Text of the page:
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Experts to discuss judicial selection at IU Maurer

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Four nationally known experts on judicial selection will participate in a panel discussion April 21 at Indiana University Maurer School of Law in the Moot Court Room.

"There are at least five methods of judicial selection used among the various states, and we will explore the pros and cons of each," said Charles Geyh, associate dean for research and John F. Kimberling Professor of Law.

The panel consists of Chris Bonneau, associate professor of political science at the University of Pittsburgh and co-author of “In Defense of Judicial Elections”; Roy A. Schotland, a professor emeritus at Georgetown University Law Center who has written prolifically on all methods of judicial selection; and Eileen Braman, associate professor of political science at IU, whose work has explored issues relating to institutional legitimacy and public support of the courts.

This is final event of the semester in the law school's Law and Society series. The program is from 4 to 6 p.m., and is free and open to the public. Indiana continuing legal education credit has been applied for.

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  2. Don't we have bigger issues to concern ourselves with?

  3. Anyone who takes the time to study disciplinary and bar admission cases in Indiana ... much of which is, as a matter of course and by intent, off the record, would have a very difficult time drawing lines that did not take into account things which are not supposed to matter, such as affiliations, associations, associates and the like. Justice Hoosier style is a far departure than what issues in most other parts of North America. (More like Central America, in fact.) See, e.g., http://www.theindianalawyer.com/indiana-attorney-illegally-practicing-in-florida-suspended-for-18-months/PARAMS/article/42200 When while the Indiana court system end the cruel practice of killing prophets of due process and those advocating for blind justice?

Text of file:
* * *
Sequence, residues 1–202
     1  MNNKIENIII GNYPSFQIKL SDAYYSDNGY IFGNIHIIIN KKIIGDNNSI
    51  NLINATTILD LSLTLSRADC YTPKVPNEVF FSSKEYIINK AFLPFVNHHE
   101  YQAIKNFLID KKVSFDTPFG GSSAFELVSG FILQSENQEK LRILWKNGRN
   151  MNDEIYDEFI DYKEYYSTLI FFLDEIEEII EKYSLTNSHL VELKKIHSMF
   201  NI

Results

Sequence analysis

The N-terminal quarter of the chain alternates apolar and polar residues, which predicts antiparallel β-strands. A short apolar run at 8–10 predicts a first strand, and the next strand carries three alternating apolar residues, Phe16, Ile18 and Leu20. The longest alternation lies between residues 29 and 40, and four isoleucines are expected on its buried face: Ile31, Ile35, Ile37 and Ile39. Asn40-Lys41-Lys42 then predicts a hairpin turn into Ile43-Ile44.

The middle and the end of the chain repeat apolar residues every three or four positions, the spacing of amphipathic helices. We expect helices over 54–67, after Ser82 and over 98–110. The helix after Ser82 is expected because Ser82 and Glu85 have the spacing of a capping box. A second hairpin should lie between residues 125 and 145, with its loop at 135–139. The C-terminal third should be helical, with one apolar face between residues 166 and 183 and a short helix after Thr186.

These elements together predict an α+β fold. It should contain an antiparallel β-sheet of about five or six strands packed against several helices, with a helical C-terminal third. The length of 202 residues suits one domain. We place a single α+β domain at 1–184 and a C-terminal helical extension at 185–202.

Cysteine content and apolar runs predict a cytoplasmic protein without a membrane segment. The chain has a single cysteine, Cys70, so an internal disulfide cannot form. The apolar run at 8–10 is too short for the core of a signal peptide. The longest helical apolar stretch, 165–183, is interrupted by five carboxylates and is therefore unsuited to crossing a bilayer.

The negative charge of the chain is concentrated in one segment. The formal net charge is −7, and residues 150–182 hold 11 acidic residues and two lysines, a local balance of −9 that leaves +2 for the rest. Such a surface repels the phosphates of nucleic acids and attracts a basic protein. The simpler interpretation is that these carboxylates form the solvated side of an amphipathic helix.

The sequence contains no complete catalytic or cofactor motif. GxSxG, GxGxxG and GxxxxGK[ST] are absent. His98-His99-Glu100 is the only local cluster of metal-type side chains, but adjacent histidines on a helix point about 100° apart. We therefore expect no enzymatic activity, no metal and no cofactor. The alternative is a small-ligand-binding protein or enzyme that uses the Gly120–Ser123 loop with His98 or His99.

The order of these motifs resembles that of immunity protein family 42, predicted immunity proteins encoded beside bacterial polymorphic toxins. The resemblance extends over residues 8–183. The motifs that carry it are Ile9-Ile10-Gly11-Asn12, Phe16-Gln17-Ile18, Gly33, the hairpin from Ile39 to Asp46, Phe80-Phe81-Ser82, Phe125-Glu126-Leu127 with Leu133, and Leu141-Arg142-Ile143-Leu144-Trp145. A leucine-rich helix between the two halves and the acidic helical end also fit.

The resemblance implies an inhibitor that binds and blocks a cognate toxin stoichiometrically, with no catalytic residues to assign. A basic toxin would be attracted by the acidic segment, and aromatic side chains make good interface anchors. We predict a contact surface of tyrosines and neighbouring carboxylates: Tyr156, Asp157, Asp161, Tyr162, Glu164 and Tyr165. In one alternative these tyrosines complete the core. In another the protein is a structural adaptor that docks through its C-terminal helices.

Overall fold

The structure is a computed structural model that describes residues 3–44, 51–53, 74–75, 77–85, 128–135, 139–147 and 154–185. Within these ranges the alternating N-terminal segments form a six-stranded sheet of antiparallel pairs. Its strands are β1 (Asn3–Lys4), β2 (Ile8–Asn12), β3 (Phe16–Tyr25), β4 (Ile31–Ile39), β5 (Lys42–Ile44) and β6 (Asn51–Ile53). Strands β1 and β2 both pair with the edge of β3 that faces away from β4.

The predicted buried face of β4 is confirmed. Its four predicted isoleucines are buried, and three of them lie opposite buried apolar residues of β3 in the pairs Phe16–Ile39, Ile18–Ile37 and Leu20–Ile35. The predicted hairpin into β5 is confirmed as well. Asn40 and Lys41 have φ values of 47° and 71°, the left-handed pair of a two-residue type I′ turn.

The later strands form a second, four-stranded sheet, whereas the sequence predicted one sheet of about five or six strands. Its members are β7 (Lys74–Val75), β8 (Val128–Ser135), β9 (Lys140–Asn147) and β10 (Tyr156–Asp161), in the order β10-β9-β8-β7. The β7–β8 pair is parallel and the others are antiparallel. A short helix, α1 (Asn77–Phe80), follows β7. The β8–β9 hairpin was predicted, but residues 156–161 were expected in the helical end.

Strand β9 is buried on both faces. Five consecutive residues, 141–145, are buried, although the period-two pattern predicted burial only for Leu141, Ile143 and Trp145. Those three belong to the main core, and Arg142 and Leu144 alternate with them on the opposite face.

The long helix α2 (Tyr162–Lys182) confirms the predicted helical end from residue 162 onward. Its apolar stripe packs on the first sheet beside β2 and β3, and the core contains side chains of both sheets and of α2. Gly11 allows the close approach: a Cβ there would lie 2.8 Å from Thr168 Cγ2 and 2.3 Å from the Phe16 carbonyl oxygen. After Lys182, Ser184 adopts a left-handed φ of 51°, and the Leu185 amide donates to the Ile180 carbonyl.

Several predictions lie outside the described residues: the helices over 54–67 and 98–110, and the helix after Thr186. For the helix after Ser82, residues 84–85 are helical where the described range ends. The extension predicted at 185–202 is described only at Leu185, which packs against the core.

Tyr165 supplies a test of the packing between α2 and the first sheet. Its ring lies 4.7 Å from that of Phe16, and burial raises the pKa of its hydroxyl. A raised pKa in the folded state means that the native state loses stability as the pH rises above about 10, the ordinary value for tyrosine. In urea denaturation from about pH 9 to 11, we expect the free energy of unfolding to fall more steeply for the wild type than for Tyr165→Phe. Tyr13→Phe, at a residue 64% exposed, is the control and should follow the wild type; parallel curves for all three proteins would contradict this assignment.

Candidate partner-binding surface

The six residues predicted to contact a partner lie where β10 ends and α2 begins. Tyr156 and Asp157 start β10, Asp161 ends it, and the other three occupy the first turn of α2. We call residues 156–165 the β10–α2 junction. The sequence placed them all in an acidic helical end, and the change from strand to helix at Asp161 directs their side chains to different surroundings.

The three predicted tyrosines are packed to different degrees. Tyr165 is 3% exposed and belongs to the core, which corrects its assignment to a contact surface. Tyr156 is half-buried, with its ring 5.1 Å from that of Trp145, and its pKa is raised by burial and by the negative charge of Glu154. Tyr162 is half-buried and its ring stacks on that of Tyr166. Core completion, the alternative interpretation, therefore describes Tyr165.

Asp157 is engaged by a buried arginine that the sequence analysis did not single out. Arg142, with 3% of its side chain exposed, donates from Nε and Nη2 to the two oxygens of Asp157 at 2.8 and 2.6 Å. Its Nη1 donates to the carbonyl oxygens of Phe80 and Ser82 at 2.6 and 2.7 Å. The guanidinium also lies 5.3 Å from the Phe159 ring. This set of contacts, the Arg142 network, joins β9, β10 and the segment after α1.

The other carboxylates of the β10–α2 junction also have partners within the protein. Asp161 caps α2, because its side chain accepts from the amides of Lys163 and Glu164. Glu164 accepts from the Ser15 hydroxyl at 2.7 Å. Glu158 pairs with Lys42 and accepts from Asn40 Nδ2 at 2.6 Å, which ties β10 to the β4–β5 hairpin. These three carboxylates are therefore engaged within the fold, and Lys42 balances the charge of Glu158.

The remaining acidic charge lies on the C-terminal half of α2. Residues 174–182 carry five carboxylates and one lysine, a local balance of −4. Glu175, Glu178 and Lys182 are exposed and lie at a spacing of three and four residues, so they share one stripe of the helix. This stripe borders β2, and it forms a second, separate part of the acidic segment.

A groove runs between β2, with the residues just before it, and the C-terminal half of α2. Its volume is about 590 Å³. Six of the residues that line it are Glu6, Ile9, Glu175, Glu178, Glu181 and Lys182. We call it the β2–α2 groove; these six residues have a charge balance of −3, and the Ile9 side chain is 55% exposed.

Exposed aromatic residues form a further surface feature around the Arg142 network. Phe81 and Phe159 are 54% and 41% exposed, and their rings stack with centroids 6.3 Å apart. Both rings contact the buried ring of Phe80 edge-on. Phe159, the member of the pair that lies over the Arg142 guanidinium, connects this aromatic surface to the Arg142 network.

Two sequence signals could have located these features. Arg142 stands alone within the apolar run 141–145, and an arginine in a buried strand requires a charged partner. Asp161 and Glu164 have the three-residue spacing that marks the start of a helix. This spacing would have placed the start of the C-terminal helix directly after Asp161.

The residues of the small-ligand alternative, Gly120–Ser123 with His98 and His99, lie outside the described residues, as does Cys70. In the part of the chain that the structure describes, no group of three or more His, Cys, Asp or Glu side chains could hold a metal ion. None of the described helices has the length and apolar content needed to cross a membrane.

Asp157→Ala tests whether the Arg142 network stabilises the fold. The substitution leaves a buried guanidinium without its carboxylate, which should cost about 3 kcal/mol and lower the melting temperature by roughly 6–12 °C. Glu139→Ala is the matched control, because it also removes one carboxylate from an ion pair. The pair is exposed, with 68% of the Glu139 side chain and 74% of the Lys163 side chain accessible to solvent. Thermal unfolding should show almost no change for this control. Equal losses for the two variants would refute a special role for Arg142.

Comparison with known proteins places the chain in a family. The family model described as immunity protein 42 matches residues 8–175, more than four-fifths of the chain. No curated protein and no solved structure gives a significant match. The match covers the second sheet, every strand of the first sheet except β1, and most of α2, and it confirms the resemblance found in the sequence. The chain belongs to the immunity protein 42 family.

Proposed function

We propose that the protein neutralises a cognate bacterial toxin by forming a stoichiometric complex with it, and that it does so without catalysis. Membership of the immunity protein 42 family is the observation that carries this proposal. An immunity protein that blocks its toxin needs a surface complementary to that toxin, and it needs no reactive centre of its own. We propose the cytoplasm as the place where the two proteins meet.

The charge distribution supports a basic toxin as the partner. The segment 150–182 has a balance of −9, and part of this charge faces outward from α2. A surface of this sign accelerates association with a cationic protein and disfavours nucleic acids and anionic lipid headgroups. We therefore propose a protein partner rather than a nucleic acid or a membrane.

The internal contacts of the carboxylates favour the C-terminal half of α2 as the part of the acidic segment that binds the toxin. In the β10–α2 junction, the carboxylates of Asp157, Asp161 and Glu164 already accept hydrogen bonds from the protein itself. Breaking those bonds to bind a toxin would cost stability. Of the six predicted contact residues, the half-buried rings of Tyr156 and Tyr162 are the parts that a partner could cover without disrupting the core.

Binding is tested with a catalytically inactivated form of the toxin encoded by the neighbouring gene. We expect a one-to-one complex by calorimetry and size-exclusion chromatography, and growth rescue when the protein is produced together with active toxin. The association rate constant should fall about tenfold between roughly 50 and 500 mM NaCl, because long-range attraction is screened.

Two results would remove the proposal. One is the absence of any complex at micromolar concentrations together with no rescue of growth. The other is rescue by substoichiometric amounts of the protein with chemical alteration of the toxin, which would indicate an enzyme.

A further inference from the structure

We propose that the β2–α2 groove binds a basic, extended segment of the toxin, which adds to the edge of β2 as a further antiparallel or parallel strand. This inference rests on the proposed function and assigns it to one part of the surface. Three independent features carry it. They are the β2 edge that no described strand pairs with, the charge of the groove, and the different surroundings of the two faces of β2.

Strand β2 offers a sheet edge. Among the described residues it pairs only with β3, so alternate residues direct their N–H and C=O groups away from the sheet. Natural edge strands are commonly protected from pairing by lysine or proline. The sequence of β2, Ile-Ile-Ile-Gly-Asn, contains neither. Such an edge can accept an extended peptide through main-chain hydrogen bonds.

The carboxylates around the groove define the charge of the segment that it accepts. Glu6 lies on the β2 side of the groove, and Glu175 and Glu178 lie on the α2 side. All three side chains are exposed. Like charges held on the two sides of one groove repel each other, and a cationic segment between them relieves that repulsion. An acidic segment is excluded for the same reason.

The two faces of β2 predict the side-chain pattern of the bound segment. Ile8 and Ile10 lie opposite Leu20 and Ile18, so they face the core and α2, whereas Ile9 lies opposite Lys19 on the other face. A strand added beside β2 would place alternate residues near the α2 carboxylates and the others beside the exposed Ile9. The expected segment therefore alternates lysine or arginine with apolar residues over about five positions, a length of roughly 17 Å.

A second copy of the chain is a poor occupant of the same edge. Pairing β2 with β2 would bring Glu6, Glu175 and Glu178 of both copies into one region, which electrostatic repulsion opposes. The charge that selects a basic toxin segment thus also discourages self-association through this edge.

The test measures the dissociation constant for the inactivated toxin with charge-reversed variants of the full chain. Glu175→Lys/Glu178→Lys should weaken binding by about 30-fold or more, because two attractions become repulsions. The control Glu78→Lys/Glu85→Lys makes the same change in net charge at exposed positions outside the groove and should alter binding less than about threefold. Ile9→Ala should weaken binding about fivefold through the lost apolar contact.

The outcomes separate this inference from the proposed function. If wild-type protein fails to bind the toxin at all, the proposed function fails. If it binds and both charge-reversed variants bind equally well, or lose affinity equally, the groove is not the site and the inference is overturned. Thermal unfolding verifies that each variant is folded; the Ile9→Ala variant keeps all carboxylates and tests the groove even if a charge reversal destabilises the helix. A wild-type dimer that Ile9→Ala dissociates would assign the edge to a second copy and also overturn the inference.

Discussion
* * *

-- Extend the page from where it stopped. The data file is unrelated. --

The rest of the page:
4. Wouldn't this call for an investigation of Government corruption? Chief Justice Loretta Rush, wrote that the case warranted the high court’s review because the method the Indiana Court of Appeals used to reach its decision was “a significant departure from the law.” Specifically, David wrote that the appellate panel ruled after reweighing of the evidence, which is NOT permissible at the appellate level. **But yet, they look the other way while an innocent child was taken by a loving mother who did nothing wrong"

  5. Different rules for different folks....

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